ballNow that you have your basic understanding of your character to go with your story, you need a catalysis–a turning point–for your character to begin their journey. This can be something that happens to the main protagonist or a sub-character (the catalyst character) that gets the story moving. The catalysis can be anything from something major like the character moving to a new place or something minor/common as in meeting someone new or can be something dramatic such as a car wreck or a death. It can be something that can propel the character into the start of the story plot or it could reveal something about the character – their personality or a flaw.

A way to challenge yourself – think of something outside the book. Use something that you have no experience in and it forces you to do research on that item/topic. Even if you do not officially use it for your book, at least now you’ll know something extra. Keep learning, keep growing.


  • When Harry Potter got his letter in the first book
  • Katniss Evergreen (Hunger Games) took her sisters place
  • When Elizabeth Bennet (Pride and Prejudice) over hears Mr. Darcy’s insult to her (starting with the theme of the story – his pride) and she confronts him soon after (her prejudice).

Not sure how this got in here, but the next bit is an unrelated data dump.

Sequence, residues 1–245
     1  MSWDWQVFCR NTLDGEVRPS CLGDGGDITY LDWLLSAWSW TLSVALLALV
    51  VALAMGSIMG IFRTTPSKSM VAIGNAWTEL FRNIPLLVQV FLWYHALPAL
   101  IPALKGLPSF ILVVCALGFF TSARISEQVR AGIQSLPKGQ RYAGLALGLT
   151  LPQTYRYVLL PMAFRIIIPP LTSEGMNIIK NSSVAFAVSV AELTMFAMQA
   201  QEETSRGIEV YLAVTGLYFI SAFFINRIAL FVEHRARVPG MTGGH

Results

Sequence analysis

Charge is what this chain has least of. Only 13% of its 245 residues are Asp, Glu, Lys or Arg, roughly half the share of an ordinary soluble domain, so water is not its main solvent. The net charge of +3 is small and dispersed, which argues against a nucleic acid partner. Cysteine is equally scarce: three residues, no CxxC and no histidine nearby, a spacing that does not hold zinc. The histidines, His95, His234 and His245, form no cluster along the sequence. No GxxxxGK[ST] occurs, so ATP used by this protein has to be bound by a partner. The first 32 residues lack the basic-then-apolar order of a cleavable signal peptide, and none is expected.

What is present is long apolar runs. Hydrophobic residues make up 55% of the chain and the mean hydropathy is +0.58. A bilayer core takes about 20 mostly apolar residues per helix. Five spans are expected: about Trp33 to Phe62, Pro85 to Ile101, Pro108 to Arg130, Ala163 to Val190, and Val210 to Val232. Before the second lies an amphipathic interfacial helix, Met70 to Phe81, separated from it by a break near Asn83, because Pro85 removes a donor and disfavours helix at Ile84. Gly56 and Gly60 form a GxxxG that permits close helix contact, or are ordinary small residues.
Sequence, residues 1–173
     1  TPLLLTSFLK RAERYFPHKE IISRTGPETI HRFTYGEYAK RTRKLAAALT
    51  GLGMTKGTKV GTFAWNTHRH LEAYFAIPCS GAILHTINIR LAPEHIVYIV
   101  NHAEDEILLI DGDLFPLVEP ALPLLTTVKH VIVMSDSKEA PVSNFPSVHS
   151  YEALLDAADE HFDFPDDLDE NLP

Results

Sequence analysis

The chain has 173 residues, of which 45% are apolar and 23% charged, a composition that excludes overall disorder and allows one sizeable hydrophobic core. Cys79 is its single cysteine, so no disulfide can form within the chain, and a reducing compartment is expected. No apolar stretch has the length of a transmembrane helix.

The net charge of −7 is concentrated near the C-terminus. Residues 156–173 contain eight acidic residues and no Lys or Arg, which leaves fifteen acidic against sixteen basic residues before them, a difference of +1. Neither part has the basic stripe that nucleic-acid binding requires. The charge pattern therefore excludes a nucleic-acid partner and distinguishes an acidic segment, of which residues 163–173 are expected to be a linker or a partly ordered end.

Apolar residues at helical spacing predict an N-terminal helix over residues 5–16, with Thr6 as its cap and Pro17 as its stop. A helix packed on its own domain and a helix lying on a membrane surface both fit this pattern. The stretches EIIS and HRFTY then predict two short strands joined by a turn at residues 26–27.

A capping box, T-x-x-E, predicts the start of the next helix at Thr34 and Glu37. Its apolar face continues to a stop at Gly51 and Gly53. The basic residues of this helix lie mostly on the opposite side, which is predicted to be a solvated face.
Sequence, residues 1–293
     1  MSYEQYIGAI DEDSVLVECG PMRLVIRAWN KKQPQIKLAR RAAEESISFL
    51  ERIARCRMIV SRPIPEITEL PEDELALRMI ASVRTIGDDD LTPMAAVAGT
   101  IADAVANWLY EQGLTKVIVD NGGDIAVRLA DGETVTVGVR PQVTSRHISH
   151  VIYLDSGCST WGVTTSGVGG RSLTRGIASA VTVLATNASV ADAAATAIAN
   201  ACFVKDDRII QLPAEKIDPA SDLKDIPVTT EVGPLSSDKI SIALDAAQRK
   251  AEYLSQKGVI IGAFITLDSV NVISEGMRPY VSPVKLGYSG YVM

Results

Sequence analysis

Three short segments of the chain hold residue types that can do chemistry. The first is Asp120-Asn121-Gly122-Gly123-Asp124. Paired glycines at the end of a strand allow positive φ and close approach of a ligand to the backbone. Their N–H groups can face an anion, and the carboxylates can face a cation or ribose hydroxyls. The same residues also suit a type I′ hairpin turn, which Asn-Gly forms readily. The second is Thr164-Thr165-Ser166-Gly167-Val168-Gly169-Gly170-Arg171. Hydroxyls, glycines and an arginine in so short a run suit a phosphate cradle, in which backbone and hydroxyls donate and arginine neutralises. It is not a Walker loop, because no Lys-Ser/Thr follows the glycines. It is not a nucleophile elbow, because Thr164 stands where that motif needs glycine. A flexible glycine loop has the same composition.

• In Romeo and Juliet – in Act One Scene Five – when Romeo and Juliet actually meet. It changes the course of the play.

L. R. Mauck

Character Flaws

quote 2I’ve already mentioned a few times about character flaws. So, if you are confused on what a character flaw is: in the most basic terms a character flaw is a character (main character and/or others) in the novel to have something that is unique to them such as a physical features or a personality traits. It doesn’t necessary have to be a negative flaw, but can be positive. Having a flaw makes the character human – relatable.